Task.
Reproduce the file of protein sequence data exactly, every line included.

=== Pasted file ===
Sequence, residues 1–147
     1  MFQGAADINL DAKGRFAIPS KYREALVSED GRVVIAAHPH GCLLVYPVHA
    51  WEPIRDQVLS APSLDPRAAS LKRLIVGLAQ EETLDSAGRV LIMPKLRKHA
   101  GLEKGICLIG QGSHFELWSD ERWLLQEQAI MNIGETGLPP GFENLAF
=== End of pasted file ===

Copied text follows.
Sequence, residues 1–147
     1  MFQGAADINL DAKGRFAIPS KYREALVSED GRVVIAAHPH GCLLVYPVHA
    51  WEPIRDQVLS APSLDPRAAS LKRLIVGLAQ EETLDSAGRV LIMPKLRKHA
   101  GLEKGICLIG QGSHFELWSD ERWLLQEQAI MNIGETGLPP GFENLAF